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UK investors mobilize votes on executive pay

June 2003

Excessive director pay has dominated the UK’s spring annual general meeting season, with several companies reporting up to 30 per cent of shareholders voting against pay schemes for senior executives and an unprecedented 51 per cent of shareholders opposing a remuneration package at GlaxoSmithKline.

Pensions Investment Research Consultants says the extent of concern on executive pay has been significant. ‘We don’t have all the figures, but we’re finding that about a third, at maximum, are voting against remuneration packages, with the average level about 20 per cent,’ said research director Stuart Bell. ‘Executive pay has been the main thing this season, and it has overshadowed everything else’.

The shareholder vote at GSK related to a £22m ($34.9m) severance pay package for chief executive Jean-Pierre Garnier, although the vote is not binding.

Among other companies to have faced significant challenges on executive pay are Shell, where around a quarter of shareholders voted against the company’s remuneration policy with the support of the National Association of Pension Funds, Cadbury Schweppes, where a third failed to back its remuneration report, and Prudential, where 17.5 per cent of shareholders did likewise.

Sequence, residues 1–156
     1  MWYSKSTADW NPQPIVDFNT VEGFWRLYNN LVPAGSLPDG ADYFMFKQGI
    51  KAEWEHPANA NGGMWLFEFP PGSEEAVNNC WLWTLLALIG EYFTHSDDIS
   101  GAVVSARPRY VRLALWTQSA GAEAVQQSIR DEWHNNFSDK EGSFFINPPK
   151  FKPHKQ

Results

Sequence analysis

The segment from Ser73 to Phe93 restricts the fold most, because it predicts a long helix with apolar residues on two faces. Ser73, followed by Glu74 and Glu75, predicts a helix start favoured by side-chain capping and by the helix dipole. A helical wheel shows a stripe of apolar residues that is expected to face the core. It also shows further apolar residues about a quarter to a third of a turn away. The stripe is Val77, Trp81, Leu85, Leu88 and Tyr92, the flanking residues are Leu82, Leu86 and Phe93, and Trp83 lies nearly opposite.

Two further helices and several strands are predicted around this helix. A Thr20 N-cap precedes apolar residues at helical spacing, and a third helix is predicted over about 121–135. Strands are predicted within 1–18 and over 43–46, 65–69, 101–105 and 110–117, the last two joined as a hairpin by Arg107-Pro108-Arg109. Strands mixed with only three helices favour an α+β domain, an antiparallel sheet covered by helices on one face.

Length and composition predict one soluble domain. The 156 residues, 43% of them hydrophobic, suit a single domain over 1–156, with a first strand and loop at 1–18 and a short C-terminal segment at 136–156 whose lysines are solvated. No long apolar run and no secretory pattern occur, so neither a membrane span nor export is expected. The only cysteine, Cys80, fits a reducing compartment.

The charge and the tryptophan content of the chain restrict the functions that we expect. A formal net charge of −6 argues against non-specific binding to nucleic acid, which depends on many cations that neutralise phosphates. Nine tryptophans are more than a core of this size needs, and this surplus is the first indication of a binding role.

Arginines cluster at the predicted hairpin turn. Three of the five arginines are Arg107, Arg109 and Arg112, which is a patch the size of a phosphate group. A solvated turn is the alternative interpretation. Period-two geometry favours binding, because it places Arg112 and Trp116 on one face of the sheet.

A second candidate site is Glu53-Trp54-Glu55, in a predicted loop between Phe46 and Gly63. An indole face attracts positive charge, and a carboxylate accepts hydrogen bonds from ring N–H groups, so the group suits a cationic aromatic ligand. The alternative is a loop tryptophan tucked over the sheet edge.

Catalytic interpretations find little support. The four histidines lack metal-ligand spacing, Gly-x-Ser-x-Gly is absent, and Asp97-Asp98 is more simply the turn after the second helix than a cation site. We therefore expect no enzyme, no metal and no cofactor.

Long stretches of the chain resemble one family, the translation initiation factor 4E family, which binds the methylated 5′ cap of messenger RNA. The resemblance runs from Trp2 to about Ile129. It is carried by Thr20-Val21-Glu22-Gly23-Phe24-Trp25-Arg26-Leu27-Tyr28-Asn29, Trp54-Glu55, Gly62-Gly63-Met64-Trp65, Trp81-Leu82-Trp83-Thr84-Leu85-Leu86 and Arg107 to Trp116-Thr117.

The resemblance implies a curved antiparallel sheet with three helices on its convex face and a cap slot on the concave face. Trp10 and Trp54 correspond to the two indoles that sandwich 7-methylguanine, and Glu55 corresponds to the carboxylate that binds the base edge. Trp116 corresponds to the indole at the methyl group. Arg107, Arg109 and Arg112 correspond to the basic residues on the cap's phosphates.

At the AGM of the banking group HBOS, 21 per cent of shareholders voted against its remuneration policy, while 38 per cent failed to back management group Amvescap’s package.

By the middle of May, the NAPF had recommended that shareholders either vote against or abstain on remuneration schemes at 47 company meetings, including those at Dimension Data, Provident Financial, Schroders and Wolverhampton & Dudley Breweries.

Bell said there were signs that this shareholder action was having an effect. ‘Some pay schemes have been modified in the face of shareholder opposition, and there have also been promises made to institute change in the future,’ he said.

Among those to have conceded the need for change are Cadbury Schweppes, whose remuneration committee chairman Rick Braddock has agreed to meet investors to review pay policy. Braddock said that ‘given the climate here, both inside the company and externally, we are going to look at a whole range of things now.’

The NAPF says both individual and institutional investors are voting against the executive remuneration policies of companies, with the institutions particularly active.

It cites the examples of GSK, clothing retailer Next, where 20 per cent of votes opposed the remuneration package, Reuters (22 per cent) and Reckitt Benckiser (27 per cent).

Rebellious shareholders have been backed by the UK government, with trade and industry secretary Patricia Hewitt saying protests over directors’ pay are ‘entirely justified fury’. She hinted the government could go further than the limited measures so far introduced to increase transparency on pay.

The main AGM season is now over, although there are further UK meetings this month.




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